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I have created a class account on the website. Feel free to use the following information:

User Name: spatialtheory

PW: marcelogorman


Happy Hunting!



Surveilling (Potential) Terrorist Children


A news article entitled “Police identify 200 children as potential terrorists” illuminates a new state of surveillance in the UK. Police are monitoring children in Muslim communities who have been identified as being “at risk of extremism.” Teachers, parents, and other community leaders are asked to monitor children and adolescents and identify those who have extreme views or are susceptible to the influence of radical Islamic groups. Children identified as being ‘at risk’ are offered guidance in the form of a tailored intervention program.

I can’t decide what I think of this program. Is this program of careful monitoring and intervention a natural extension of the usual surveillance role of parents and teachers?

Is it a necessary precaution or an extreme policing tactic?



Internet Surveillance: Targeted Advertising


A new Google ad service was launched on Wednesday, March 11. Google will track Internet usage and display targeted ads based on each person’s specific site visits. For example, if you visit a website that sells a specific type of golf club, you might later see an ad for the same website when you are browsing an unrelated site that displays Google ads. The full article can be found at…


Just as advertisers can track a person’s Internet usage, they can do the same with a smartphone. As well, advertising systems can use GPS technology to track smartphone location, allowing advertisers to combine location information, personal preferences, and personal identification information to display ads specifically targeted for an individual. As smartphones increase in popularity, this type of data collection is becoming more prevalent. The full article can be found at…

Will consumers find this targeted advertising creepy? Or will they find it useful to find a “receive 5 percent off” coupon on their Blackberry for a nearby store?


N 43° 27.308 W 080° 31.091

Confession: Geocaching was an unfamiliar term to me prior to this course.

Solution: I decided to do a little investigating.

Saturday January 24, 3:30pm: I set out on my very first geocaching adventure.

Here’s what I learned:

1.     Geocaching is surprisingly popular. According to, there are 719 464 active geocaches around the world.

2.     You can search for geocaches by entering postal code, latitude and longitude coordinates, province, country, keywords, username, or waypoint. The website will display coordinates of geocaches within the search area. Geocachers typically use GPS (I used Google maps before I left the house because I don’t have a GPS system) to locate the cache.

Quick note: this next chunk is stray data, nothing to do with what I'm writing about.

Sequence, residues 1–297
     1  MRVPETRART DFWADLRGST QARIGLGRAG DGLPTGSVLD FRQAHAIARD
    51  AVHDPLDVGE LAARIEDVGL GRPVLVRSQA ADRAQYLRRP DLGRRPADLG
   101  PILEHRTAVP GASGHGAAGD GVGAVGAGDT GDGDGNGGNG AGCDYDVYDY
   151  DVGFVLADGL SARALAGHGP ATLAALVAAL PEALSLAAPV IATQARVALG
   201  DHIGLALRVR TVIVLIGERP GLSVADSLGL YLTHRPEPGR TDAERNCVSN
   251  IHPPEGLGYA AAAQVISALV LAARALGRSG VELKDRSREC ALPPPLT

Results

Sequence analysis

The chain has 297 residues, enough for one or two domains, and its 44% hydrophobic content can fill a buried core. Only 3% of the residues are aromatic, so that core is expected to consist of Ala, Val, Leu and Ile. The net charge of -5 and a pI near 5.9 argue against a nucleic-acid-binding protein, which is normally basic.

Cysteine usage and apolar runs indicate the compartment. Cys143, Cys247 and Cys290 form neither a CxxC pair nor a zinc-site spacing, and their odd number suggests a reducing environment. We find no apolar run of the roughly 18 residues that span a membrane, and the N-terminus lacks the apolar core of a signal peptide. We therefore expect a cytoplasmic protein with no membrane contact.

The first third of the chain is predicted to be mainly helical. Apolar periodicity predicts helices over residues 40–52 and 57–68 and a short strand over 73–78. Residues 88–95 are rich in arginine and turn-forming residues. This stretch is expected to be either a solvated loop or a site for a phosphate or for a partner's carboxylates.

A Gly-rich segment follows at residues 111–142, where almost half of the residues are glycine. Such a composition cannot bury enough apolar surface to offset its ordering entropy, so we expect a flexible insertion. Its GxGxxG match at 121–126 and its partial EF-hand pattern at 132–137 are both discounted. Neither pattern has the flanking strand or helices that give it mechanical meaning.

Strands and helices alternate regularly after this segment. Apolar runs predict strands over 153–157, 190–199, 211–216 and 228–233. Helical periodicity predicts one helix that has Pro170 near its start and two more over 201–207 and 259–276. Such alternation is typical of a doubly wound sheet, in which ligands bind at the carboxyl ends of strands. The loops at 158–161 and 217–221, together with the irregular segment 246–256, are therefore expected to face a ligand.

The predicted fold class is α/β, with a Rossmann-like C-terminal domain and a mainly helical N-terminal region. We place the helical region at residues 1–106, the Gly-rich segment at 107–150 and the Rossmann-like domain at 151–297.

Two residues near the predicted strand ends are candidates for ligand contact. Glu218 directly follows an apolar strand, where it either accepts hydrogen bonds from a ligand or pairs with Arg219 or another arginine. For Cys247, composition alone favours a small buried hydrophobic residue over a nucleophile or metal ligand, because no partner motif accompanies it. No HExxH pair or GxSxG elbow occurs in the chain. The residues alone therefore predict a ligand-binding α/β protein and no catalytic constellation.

3.     A geocache is a small container containing a logbook (usually a sheet of paper) for people to record their name and the date that they found the geocache. I didn’t record my visit but the last person to visit the geocache I located had been there the day before. The cache also might include small items such as keychains or crayons. When you find the geocache, you’re supposed to take an item and replace it with something of equal value. I hadn’t planned to exchange an item – this was strictly an investigative outing – but I lost a quarter from the geocache in the snow. Luckily I had dog biscuits in my pocket so I replaced the quarter with a biscuit.

4.     After finding a geocache, you’re supposed to record your find on the website. You should also record the item you took, and what you replaced it with. I didn’t. You can also share stories and photos online.

5.     Crucial: Don’t let muggles see you. Apparently, geocachers have borrowed J. K. Rowling’s term for non-magical people and applied it to non-geocaching people. The geocache that I found was in a small group of trees off of a walking trail. Luckily I had my dog with me, so I don’t think I arose any suspicion. ;)

My first geocaching adventure was a success. I found the small container hanging from a tree branch near the Iron Horse Trail behind Vincenzos in Belmont Village. Here’s a picture of the geocache I found and some of it’s contents:




Happy Geocaching,



Price’s Picturesque Tree: Roughness, Sudden Variation, and Irregularity



Of my UW campus pictures, I thought this was the most picturesque, based on Price’s description. The bark on the trunk in the foreground of the photo allows the bumpy, “rough” texture to stand out. In a few areas of the trunk the bark has been peeled off of the tree, leaving lighter areas exposed, perhaps being an example of “sudden variation.” As well, I think the stark contrast between the light sky and dark tree would be another example of “sudden variation.” As for “irregularity” the branches extending in many different directions out from the trunk are probably the best example in this photo.

Of course if Price has his way, I would have taken this picture in “tempestuous winds” for a more picturesque shot. But I’m so glad there wasn’t any wind, because it’s been cold enough lately.